Chloe Williams/The Lion's Roar
The Hammond Regional Arts Center is currently hosting the Wild & Free Exhibition until May 21, featuring three Louisiana-based artists.
HRAC’s online preview for this exhibition stated that each featured artist is known for bringing colorful life into their artworks without limitations. The three artists, April Hammock, Denise Hopkins and Kimberly Meadowlark, bring colorful pieces of art to the Hammond scene.
Tara Bennett, the center’s media coordinator, along with HRAC Board Member Jordan Kenning, chose these artists when told about the idea for this exhibit.
“These artists came to mind when Executive Director Melissa Griffin pitched the concept of an exhibition that incorporated a ‘wildly colorful exhibition to usher in spring.’ Griffin and Kenning worked together to produce an exhibition that would celebrate the expressive use of color,” Bennett stated.
The artwork of the artists brings out the vibrance and color of the spring season in very different styles when combined.
Bennett noted how Hammock’s style is thick and layered with colors that can completely differ from Meadowlark’s pieces that tend to drip with emotion and use somewhat darker colors. Hopkins’ pieces tend to have a softer tone even though she works with palette knives.
Baton Rouge-based artist Meadowlark utilizes her synesthesia, or hearing colors, in all of her works including the ones at the Wild & Free exhibit.
When discussing this neurological function Meadowlark said, “Synesthesia has always been a factor in every piece I create, even before I knew it was an actual thing. My neurologist was the one to educate me about it when he found I was an artist for a living.”
Opening night for this exhibit went very well, according to Bennett. All of the artists were in attendance on April 16 and spoke to several of HRAC’s patrons as they arrived throughout the evening.
“I was there for the opening reception and couldn’t be more pleased with how everything came together. Sometimes it’s hard to let go of your work and display your pieces in a satisfying manner that you’re comfortable with, but this team absolutely crushed it,” Meadowlark responded when asked about opening night.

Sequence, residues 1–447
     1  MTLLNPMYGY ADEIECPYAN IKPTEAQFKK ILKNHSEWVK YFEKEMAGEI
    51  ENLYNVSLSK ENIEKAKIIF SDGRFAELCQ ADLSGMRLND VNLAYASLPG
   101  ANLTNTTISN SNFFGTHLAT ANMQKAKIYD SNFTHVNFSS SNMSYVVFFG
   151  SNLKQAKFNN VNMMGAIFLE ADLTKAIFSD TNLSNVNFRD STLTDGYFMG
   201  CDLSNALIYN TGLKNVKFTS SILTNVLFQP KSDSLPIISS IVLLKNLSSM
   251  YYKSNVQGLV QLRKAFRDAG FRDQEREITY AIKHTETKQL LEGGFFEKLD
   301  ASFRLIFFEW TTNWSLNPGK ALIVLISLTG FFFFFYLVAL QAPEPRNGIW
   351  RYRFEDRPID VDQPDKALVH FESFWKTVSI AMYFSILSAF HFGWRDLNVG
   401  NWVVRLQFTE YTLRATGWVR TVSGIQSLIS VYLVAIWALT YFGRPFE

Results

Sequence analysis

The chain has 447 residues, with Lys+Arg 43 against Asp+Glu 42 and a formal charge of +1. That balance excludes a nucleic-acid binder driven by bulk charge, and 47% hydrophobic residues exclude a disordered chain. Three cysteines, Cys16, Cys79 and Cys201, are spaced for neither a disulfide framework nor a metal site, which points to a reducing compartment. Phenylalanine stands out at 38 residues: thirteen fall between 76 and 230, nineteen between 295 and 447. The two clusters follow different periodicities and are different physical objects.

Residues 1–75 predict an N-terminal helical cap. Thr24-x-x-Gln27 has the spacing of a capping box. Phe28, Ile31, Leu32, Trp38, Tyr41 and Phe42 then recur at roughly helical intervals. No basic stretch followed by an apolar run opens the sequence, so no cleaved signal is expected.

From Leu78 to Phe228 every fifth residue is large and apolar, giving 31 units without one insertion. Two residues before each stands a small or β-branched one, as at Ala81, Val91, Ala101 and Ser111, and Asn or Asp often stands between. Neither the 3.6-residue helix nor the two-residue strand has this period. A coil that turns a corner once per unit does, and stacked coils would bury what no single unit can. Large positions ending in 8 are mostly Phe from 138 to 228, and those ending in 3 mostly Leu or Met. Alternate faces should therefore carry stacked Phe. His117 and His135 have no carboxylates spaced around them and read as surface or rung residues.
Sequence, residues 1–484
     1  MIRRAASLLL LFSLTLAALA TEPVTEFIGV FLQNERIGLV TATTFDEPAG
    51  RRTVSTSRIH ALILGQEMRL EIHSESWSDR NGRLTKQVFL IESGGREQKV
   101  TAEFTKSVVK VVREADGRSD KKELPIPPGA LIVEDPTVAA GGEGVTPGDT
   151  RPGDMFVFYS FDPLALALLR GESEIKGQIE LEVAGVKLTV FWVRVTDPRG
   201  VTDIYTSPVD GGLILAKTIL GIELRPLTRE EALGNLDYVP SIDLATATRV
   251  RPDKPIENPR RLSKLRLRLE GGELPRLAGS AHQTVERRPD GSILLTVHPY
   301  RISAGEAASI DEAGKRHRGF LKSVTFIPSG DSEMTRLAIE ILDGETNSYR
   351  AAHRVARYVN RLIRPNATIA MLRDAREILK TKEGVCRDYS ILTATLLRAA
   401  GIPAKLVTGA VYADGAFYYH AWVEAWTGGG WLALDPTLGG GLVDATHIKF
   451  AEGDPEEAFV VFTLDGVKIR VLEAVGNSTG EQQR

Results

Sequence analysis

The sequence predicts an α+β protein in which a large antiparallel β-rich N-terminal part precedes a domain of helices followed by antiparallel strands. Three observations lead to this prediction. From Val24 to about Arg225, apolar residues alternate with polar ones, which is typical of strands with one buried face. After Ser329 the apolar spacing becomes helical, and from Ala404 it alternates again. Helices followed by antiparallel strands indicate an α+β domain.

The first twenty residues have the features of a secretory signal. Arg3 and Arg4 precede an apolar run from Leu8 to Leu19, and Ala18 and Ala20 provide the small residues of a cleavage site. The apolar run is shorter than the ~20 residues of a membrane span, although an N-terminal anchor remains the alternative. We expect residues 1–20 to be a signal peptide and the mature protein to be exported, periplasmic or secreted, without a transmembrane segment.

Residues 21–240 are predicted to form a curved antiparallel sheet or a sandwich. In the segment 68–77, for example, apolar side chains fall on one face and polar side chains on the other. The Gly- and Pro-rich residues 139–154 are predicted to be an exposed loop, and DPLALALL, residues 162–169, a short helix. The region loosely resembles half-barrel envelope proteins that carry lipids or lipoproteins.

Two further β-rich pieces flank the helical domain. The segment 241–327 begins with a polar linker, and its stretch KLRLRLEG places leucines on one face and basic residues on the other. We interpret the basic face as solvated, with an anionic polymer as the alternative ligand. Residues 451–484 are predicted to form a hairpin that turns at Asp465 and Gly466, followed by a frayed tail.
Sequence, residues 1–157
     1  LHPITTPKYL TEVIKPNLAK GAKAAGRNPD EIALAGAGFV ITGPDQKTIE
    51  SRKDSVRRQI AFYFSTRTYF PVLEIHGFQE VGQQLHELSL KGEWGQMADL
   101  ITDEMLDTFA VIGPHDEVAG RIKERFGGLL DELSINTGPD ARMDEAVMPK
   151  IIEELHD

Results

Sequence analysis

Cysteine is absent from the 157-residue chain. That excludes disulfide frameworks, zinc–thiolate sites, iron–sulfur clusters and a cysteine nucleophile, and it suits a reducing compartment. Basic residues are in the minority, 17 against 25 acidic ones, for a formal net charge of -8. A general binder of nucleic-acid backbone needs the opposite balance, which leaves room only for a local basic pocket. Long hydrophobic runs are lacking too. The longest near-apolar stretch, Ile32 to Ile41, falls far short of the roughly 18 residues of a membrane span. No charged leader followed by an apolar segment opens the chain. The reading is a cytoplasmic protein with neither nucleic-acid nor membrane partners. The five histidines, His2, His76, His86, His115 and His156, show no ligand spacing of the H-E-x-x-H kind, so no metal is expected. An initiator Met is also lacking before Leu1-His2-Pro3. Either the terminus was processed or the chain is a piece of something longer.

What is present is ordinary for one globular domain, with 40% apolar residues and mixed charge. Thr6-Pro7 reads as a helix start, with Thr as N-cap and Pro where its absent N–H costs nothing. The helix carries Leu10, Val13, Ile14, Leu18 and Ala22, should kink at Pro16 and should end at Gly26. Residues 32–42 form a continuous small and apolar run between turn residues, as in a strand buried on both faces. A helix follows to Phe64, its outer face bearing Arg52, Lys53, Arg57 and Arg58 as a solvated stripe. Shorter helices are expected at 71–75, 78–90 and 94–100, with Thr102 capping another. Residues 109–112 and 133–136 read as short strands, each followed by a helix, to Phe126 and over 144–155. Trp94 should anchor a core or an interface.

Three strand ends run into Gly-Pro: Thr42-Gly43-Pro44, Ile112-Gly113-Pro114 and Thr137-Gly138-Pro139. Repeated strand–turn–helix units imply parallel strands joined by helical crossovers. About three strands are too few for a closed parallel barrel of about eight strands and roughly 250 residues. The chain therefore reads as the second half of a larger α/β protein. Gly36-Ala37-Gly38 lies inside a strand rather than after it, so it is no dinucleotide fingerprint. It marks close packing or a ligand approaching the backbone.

Bennett stated that a favorite of several guests that night was Meadowlark’s piece “5 a.m.”
For this exhibit, Meadowlark wanted to work with architecture and geometry. She said she was open to bringing more 3-D elements into these pieces rather than the smoother abstracts that Meadowlark has leaned toward in the past.
The Wild & Free exhibit gave Meadowlark, as well as Hammock and Hopkins, the opportunity to share their art in a completely different way than they have been able to since last year. This was their first major show since the pandemic began.
Supporting artists who had to adjust their careers due to COVID-19 is something that everyone can join in on by checking out the Wild & Free Exhibit.
“It would be a completely different experience seeing the art of these artists in real life rather than through a computer screen. The use of color and movement give it a sense of life that has to be seen with the naked eye,” Bennett noted to encourage people to come see the exhibit.
While this exhibit will be coming to a close on May 21, there are still other events coming up at the Hammond Regional Art Center.
In June, HRAC will be displaying the work of Lafayette artist Dirk Guidry with his exhibition called “Circulate.” Check out the HRAC website for more information regarding the artists from this exhibit.